i the Kiangsu border, either today or
Llnho-,fader Shell Fire.
Liuho was under heavy shell fire
and continuous machine gun and rifle
fire of both sides. Gen. Ho Feng-
Ling, defense commissioner of Shang
hai under Lu Yung-Hsien. the gov
ernor of Chekiang, spent the day in
this sector, personally directing the
Chekiang army.
The Chekiang dead and wounded
there yesterday numbered perhaps
200. The number of casualties con
tinues out of proportion to the tre
mendous amount of firing. The eye
witness related the haphazard meth
ods on the front lines, saying that
the soldiers were discharging rifles
and even field pieces utterly regard
less of aiming, often simply pointing
them at the sky.
Lungwha headquarters of the Che
kiang army claimed new gains along
the railway. Desperate attacks were
aimed at Anting.
Driving for Railroad.
Only the meagerest reports were
received of the fighting, west and
southwest of Taihu Lake, where the
Kiangsu troops were said to be driv
ing for the Sungkiang-Hangshow Rail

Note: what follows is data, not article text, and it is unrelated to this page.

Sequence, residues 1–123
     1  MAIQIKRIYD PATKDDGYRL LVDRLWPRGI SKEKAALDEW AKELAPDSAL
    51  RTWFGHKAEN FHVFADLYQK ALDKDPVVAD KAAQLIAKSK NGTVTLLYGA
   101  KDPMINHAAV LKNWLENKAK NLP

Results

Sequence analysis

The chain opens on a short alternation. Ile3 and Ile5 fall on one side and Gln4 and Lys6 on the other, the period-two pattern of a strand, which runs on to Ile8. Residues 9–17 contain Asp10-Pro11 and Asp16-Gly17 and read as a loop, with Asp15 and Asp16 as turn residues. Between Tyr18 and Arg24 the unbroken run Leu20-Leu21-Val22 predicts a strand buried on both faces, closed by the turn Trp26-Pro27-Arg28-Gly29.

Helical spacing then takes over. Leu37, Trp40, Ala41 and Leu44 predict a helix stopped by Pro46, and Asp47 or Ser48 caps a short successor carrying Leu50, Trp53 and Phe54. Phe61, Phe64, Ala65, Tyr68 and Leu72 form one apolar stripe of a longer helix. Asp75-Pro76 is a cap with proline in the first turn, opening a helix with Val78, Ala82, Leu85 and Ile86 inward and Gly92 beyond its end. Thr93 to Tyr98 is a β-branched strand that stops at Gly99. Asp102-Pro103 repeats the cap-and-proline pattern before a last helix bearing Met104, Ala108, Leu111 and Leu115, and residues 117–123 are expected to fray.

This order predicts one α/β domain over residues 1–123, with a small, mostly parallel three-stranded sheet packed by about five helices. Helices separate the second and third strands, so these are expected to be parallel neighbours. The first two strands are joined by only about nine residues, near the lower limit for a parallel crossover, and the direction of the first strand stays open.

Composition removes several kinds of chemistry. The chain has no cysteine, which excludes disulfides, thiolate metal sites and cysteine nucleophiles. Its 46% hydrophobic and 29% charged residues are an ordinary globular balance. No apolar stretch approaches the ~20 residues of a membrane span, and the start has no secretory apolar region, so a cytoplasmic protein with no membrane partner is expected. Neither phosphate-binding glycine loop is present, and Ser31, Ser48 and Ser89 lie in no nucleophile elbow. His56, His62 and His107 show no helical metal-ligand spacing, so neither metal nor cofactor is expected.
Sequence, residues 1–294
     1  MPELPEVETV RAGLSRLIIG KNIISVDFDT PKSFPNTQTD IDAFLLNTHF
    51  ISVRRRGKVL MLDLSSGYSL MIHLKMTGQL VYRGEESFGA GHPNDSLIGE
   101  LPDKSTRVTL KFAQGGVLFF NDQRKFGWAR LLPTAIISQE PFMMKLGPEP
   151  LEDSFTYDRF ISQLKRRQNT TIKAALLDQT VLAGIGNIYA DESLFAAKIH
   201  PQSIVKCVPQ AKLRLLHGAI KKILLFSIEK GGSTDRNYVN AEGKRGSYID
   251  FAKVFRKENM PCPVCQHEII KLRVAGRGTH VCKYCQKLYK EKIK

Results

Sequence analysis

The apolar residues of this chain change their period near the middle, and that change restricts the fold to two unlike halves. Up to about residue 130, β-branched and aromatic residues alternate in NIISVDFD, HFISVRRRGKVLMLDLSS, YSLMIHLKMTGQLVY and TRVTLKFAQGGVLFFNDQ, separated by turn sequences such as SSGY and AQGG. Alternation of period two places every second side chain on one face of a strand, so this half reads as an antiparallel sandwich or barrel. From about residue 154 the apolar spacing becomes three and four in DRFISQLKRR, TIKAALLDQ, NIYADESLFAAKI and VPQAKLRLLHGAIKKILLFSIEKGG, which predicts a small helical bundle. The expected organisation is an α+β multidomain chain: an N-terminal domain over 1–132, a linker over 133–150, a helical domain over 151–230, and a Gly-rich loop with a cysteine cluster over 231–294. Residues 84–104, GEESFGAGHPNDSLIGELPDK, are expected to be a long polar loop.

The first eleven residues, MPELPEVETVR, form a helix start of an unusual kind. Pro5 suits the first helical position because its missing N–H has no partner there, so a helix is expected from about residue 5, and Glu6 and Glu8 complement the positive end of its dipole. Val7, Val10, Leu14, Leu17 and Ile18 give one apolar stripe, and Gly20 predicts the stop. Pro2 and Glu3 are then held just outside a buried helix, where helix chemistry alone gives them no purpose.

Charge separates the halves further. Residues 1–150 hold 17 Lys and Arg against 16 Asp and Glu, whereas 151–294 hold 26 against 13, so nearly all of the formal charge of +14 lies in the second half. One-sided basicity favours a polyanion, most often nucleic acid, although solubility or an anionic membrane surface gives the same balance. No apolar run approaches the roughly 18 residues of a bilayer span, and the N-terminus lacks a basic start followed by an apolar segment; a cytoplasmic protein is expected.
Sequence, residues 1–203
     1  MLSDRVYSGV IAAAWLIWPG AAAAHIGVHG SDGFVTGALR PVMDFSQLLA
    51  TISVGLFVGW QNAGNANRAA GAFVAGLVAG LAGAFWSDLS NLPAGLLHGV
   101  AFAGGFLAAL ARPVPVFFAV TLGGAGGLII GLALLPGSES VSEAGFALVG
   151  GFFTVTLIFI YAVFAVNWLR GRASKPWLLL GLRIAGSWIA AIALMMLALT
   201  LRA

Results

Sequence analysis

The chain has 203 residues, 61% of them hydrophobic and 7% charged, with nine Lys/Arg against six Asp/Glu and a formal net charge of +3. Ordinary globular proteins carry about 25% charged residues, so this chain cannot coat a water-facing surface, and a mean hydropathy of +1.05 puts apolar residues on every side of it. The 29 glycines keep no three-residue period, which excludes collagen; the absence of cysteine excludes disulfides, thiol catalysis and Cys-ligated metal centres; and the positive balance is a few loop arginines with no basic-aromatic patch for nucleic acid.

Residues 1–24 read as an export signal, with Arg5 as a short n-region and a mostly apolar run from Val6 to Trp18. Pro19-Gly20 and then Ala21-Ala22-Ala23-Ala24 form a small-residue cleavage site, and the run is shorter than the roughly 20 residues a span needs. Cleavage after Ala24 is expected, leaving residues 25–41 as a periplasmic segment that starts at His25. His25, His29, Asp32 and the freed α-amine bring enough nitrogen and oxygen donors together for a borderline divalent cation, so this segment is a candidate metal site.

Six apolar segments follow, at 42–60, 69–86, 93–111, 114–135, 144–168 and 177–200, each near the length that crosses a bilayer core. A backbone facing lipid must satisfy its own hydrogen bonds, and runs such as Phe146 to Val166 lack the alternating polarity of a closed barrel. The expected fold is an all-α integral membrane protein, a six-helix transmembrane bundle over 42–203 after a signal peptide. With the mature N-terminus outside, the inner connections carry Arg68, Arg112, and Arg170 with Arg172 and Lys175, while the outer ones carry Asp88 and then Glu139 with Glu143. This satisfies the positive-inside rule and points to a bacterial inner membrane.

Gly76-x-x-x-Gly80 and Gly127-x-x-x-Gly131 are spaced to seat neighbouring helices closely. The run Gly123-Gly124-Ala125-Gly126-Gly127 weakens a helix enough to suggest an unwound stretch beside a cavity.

The Chekiang Lungwha headquar
ters had not confirmed reports that
two whole battalions of Kiangsu
troops had deserted and joined the
enemy, bringing with them their
arms and equipment. Neither were
the Shanghai settlement police able
to confirm the rumor that Kiangsu
supporters were secretly recruiting
in Shanghai a regiment of "riffraff”
to strike at the rear of the Chekang
army as soon as the Kiangsu forces
score gains against Woosung, a su
Although the invading armies of
Chi Shieh-yuan, military governor of
Kiangsu Province, have been battling
for four days against the defending
forces of Gen. Lu Yung-hsiang, mili
tary governor of Chekiang Province,
for possession of Shanghai, no de
cisive battle has been fought.
Inspired by Peking.
Belated official permission of the
Peking government to the Invading
forces of the Kiangsu governor to
proceed announced yesterday, was
said to have prompted the move by
Gen. Chang Tso-lin; an ally of Lu
Yung-hsiang. Wu Pei-fu commands
the military forces of the Peking
The basis of the order against Lu
Yung-Hsiang from Peking was that
he had revolted and rallied around
him outlawed elements of the popu
lation. and that Chi had stood for
the gravest crimes w.<lcb cannot be
tolerated under the laws o< the Chi
nese nation.
From south China reports were re
ceived that Dr. Sun Yat Sen was pre
paring to lend military support to
his friend Lu Yung-hsiang, In de
fending Shanghai and a new army
was therefore expected to bob up in
the field from the south today.
Entrance of the Manchurian War Lord
Chang Tso-lin into the fray against the
Peking government opens anew a
fight for control of the machinery at
on Page 2. Column Li